28 October 2021, by MIN-Dekanat
Malaria is an infectious disease caused by parasites of the genus Plasmodium. It is transmitted by the bite of a female mosquito of the genus Anopheles.
Scientist from the group of Tim Gilberger, professor at Universität Hamburg and group leader at Centre for Structural Systems Biology (CSSB) as well as Bernhard Nocht Institute for Tropical Medicine BNITM, and collaborators from the Michael G. DeGroote Institute for Infectious Disease Research at McMaster University in Hamilton, Canada have discovered a promising new antimalarial compound. The discovery, published in Cell Chemical Biology, opens the door to the development of new drugs targeting malaria, one of the deadliest infectious diseases on the planet.
Co-led by Tim Gilberger and Gerry Wright (McMaster University) the researcher teams performed a screen of soil bacteria extracts for antimalarials and identified an extremely potent inhibitor of malaria development.
This breakthrough comes at a pivotal time in global malaria management as drug resistance in malaria is becoming increasingly problematic and climate change is pushing malaria-carrying mosquitoes to new places, broadening the disease’s spread. In fact, World Health Organization estimates that malaria was responsible for more than 400,000 deaths and 229 million infections in 2019 alone.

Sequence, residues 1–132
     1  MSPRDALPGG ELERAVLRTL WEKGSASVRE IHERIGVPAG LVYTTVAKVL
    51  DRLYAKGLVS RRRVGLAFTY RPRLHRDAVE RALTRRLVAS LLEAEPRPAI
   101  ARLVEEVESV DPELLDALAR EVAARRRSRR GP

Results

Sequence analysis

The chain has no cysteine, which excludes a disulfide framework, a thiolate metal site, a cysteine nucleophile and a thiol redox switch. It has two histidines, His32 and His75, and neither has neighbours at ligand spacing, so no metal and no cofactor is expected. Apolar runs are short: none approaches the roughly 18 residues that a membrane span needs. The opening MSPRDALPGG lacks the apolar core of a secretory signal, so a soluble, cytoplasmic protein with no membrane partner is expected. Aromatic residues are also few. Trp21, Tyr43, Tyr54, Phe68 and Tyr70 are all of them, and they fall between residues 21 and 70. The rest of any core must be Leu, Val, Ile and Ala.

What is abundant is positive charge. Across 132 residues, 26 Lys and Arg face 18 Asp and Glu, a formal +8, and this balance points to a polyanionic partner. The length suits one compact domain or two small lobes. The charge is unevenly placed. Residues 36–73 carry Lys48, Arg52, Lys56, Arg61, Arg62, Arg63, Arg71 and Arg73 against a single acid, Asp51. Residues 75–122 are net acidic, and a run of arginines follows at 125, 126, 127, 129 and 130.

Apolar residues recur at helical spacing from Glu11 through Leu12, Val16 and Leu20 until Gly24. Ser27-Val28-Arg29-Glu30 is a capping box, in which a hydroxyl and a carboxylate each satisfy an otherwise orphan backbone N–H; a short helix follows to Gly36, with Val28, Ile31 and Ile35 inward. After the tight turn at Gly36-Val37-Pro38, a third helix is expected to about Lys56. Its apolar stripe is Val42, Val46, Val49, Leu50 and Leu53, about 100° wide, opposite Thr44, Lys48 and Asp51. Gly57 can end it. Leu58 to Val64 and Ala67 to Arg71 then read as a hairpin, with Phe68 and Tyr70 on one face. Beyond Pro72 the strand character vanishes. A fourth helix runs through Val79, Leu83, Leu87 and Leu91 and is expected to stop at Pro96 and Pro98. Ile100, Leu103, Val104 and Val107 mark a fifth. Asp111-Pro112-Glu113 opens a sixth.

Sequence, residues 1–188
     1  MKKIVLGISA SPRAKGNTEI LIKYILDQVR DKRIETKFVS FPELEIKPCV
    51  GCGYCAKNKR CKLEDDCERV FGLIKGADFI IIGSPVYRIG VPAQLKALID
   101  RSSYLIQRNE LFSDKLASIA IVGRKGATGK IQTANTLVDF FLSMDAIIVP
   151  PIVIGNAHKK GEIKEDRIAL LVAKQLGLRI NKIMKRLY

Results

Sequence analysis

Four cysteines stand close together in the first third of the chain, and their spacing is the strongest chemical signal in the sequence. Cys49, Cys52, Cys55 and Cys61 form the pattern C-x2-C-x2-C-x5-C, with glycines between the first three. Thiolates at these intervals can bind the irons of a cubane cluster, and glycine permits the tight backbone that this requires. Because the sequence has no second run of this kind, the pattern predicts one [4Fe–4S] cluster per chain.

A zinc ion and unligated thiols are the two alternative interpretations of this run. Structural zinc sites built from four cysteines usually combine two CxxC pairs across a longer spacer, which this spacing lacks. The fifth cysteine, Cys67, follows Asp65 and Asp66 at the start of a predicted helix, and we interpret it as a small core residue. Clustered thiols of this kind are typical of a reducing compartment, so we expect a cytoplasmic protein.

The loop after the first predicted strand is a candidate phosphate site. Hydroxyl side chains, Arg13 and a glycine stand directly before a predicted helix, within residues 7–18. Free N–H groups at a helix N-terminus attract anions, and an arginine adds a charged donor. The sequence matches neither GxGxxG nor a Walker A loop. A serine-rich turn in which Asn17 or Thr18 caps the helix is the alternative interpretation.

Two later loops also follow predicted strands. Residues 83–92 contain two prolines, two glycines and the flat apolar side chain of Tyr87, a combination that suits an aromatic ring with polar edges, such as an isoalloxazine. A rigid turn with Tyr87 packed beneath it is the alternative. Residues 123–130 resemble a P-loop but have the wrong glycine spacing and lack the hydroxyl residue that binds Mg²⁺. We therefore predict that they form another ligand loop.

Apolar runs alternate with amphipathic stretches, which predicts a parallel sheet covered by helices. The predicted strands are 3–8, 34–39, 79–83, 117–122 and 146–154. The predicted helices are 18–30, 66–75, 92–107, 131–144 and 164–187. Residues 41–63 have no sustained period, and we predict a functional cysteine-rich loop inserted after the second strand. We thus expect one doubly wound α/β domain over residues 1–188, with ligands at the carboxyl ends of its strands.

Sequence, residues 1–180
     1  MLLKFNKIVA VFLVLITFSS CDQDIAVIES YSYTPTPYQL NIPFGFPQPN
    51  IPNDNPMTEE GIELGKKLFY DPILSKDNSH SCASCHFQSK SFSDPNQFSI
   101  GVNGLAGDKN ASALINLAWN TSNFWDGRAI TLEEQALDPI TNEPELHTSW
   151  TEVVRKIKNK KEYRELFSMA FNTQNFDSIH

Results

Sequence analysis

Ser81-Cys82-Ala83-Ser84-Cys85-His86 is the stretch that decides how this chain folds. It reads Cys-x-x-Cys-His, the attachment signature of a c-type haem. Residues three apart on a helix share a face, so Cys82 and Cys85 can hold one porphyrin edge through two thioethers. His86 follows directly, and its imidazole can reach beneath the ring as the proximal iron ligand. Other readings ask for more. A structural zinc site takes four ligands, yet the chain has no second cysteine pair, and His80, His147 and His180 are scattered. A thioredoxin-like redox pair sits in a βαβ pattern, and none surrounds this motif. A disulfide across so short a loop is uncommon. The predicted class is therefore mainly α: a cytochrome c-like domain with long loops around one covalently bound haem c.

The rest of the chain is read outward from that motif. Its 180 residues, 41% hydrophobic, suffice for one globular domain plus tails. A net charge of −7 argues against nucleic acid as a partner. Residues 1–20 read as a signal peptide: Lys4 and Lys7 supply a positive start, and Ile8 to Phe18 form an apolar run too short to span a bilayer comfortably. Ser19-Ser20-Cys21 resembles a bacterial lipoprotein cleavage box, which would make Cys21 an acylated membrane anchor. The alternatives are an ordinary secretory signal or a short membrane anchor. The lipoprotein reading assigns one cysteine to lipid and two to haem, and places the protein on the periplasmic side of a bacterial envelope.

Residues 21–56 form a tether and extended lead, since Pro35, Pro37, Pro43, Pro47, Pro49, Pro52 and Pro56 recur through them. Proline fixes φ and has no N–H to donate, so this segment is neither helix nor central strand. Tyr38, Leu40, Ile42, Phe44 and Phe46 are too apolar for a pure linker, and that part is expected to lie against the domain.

The family of compounds investigated by the researchers — duocarmycins — have been known to kill malaria and cancer cells for some time; however, they are extremely toxic to humans. As such, using them as treatment comes with considerable collateral damage, which has resulted in many failed clinical trials. These compounds considered to be ‘anti-life,’ as they kill just about everything in their path.
However, PDE-I2, the new compound molecule discovered by the Hamburg- McMaster team, appears to come with all of the potent malaria-killing properties of previously known duocarmycins — just without the adverse effects. “We’ve shined a new light here,” said Wright “We’re looking at a part of chemistry that nobody has ever looked at before.”
This discovery is a decade in the making, as the project began when Gilberger and Wright worked together at McMaster between 2010 and 2014. Since then, the Wright laboratory has been sending thousands of sub-fractions derived from specific soil bacteria from Hamilton to Hamburg, where Gilberger and his team would test and validate their anti-malarial activity. It was years of trial-and-error before the researchers finally fractionated the right molecule — a process the scientists liken to finding a needle in a haystack.
“This novel compound represents a useful scaffold for anti-malaria therapy,” says Gilberger, who added that he is excited to explore the compounds efficiency in systemic infections and to pinpoint its mode of action.
The main funding for the research study came from the Canadian Institutes for Health Research. Additional funding was received from the Jürgen Manchot Foundation, the Joachim Herz Foundation and PIER/DESY.
Text: BNITM/CSSB, red.